John Duggan writes that on the week of the US PGA Championship, it's worth paying homage to Padraig Harrington's groundbreaking win...
"I did my best to be ready for the week but clearly I'm not. What can I say. The harder I tried the worse it got. I haven't got the focus this week. I'm just not with it." Padraig Harrington, speaking after day two of the 2008 US PGA Championship in Michigan.
Less than three weeks after winning the oldest major in golf, the Open Championship, for the second year in a row, Ireland's Padraig Harrington was almost waving the white flag. He'd just carded a 74 to lie five over par at the halfway stage at Oakland Hills, six shots off the lead. He frankly told reporters that he 'couldn't get off the golf course quick enough'.
Two days later the Dubliner was raising the Wanamaker Trophy in front of the world's press, the first European to win the US PGA since Tommy Armour back in 1930, a gap of 78 years. Thumbing through the records of the US Open Championship, only one European had won it between 1927 and 2008 - England's Tony Jacklin in 1969. So in 153 US PGA or US Open championships contested between Tommy Armour and Harrington, there was only one European winner. There was Seve's breakthrough at the Masters in 1980 and Bernhard and Sandy and Nick and Woosie and Olly after that and the Ryder Cup successes, but European golfers struggled in the other two American majors. Really struggled.
They toiled because it was difficult to get to play in them for a long time in the era before the PGA Tour became a welcoming global circuit after Tiger Woods changed golf, but also because the target golf courses with tree-lined fairways and a premium on a certain type of shot-making favoured the Americans who played on those courses every week.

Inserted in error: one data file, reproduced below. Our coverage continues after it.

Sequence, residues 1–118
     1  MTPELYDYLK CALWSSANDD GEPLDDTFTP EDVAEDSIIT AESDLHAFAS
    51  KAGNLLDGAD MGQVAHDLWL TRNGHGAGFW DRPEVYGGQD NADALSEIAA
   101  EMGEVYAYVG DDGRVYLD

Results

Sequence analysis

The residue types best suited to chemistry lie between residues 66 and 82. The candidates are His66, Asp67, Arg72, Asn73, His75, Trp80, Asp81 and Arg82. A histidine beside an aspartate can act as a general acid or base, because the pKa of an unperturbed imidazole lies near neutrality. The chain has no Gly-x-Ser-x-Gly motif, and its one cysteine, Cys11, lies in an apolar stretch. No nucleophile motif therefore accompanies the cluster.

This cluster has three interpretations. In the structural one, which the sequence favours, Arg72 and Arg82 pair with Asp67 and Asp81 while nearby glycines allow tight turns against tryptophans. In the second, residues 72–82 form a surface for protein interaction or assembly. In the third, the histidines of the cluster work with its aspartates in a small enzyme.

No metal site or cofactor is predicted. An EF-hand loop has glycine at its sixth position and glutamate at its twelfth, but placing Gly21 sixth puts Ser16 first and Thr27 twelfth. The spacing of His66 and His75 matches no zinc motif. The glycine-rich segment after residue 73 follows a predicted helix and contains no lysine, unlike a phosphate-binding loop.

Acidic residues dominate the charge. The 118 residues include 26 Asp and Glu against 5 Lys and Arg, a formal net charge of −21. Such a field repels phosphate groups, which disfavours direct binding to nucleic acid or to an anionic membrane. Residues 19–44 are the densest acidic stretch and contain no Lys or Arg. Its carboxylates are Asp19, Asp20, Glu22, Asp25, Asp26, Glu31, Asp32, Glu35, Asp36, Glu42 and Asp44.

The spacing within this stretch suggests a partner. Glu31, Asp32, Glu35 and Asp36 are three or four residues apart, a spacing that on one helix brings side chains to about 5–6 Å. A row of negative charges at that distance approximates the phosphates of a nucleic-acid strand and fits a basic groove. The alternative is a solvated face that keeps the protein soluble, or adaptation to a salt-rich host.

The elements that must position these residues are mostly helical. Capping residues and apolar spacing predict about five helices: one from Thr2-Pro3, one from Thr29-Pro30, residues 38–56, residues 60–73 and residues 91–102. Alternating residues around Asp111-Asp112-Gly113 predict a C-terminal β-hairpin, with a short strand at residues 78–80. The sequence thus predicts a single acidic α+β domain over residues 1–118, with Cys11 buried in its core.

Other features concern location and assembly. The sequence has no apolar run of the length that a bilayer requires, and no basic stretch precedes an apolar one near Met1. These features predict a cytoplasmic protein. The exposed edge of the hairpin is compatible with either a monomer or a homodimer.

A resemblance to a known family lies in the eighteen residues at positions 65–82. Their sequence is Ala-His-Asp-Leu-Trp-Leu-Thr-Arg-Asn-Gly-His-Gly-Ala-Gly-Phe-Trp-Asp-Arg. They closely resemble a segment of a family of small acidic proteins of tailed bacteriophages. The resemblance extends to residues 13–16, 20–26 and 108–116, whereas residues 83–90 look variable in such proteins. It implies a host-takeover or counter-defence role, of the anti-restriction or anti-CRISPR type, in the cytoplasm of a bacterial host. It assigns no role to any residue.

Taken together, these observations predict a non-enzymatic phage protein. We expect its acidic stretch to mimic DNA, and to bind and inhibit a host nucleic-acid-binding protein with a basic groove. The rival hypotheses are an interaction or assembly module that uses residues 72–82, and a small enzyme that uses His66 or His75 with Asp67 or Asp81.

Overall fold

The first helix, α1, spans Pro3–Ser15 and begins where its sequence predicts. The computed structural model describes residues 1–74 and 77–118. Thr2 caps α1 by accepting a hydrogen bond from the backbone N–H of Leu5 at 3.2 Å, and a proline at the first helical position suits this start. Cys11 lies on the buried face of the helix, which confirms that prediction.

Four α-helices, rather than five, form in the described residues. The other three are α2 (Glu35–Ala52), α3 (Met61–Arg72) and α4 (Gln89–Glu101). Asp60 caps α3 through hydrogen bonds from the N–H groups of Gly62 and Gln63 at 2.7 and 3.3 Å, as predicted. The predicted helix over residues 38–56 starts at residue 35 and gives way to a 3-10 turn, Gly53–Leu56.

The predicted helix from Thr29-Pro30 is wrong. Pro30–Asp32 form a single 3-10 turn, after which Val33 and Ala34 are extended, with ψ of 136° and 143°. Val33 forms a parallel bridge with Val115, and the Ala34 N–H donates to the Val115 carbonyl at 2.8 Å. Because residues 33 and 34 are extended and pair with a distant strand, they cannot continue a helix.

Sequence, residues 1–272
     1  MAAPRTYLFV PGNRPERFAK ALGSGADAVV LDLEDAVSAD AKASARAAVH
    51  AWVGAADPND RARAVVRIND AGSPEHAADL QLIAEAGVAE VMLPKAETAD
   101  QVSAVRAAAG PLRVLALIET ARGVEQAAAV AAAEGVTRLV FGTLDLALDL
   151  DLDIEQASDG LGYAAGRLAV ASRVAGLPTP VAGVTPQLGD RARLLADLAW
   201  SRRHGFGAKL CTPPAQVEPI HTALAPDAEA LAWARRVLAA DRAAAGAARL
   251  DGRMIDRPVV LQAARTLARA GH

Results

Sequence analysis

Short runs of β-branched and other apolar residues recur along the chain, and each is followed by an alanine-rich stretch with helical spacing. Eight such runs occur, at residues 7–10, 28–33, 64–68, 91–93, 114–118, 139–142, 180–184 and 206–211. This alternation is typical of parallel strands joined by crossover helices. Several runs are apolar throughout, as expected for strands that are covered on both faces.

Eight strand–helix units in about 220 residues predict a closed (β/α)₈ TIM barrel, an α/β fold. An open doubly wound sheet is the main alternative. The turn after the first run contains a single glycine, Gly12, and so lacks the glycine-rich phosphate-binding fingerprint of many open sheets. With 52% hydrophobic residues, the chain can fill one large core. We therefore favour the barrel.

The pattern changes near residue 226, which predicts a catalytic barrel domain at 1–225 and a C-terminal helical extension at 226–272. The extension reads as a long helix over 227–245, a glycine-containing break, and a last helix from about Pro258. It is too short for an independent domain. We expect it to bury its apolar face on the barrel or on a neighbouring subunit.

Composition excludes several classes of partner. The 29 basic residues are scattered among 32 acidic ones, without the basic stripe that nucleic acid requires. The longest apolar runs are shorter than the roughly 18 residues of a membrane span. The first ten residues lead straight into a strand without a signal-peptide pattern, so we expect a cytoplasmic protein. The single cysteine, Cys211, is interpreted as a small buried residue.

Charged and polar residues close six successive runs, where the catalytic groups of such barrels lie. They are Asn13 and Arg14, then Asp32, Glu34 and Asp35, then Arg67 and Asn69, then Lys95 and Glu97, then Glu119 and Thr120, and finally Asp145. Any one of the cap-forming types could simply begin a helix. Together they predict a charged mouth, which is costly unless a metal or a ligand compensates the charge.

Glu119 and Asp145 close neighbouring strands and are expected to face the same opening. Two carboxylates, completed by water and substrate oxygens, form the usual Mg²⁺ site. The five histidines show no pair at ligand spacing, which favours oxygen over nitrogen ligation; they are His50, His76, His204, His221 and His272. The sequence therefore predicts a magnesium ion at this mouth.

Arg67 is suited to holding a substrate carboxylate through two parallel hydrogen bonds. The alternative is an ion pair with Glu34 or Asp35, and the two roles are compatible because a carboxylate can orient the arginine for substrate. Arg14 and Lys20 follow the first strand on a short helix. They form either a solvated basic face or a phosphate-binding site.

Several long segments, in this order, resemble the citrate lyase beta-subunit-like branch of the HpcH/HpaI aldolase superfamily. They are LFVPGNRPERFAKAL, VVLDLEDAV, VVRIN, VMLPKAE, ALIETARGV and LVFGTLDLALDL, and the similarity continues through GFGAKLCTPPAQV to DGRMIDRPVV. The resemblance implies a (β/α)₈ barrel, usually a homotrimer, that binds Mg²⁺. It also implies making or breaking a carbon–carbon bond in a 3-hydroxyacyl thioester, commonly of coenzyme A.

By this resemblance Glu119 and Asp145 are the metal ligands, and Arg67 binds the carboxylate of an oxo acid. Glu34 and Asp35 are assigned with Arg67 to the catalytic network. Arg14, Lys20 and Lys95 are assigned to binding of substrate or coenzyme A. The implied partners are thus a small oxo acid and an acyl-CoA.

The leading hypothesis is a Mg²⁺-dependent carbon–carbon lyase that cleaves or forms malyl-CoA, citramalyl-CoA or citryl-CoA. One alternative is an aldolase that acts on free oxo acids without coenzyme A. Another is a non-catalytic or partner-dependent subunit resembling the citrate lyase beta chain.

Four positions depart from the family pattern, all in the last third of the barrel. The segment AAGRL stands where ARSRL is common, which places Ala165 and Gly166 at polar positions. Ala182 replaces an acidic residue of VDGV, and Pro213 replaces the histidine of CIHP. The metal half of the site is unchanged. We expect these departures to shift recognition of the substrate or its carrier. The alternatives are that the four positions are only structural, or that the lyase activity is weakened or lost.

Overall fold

I have always believed that Irish golf experienced its golden age over two decades based upon milestones. Hosting the World Golf Championship in 2002 at Mount Juliet was huge, and Tiger winning it was the dream result. Europe's procession over the USA at the 2006 Ryder Cup at the K Club was tremendously significant. It's an intangible argument, but I don't think Graeme McDowell, Rory McIlroy, Darren Clarke and Shane Lowry would have won the majors in the manner they did, or Paul McGinley would have captained a winning Ryder Cup team so brilliantly without the achievements of Harrington. Padraig Harrington put Irish golf on the map with three major wins in 13 months and at the US PGA he did it in a way that was truly inspiring.
One could make the case that Harrington had the luck of the Irish in winning the 2007 Open Championship at Carnoustie as he found the Barry Burn twice and Spain's Sergio Garcia failed to close the door, but Harrington grabbed the claret jug with both hands once he was presented with a second chance. His win at Birkdale in 2008 was dominant and comfortable, so to produce consecutive rounds of 66 at Oakland Hills to claim the PGA was evidence of a sportsman closing the deal on a major stage while not playing at his best. It was a victory built on determination and courage to find something deep inside of himself and fight back.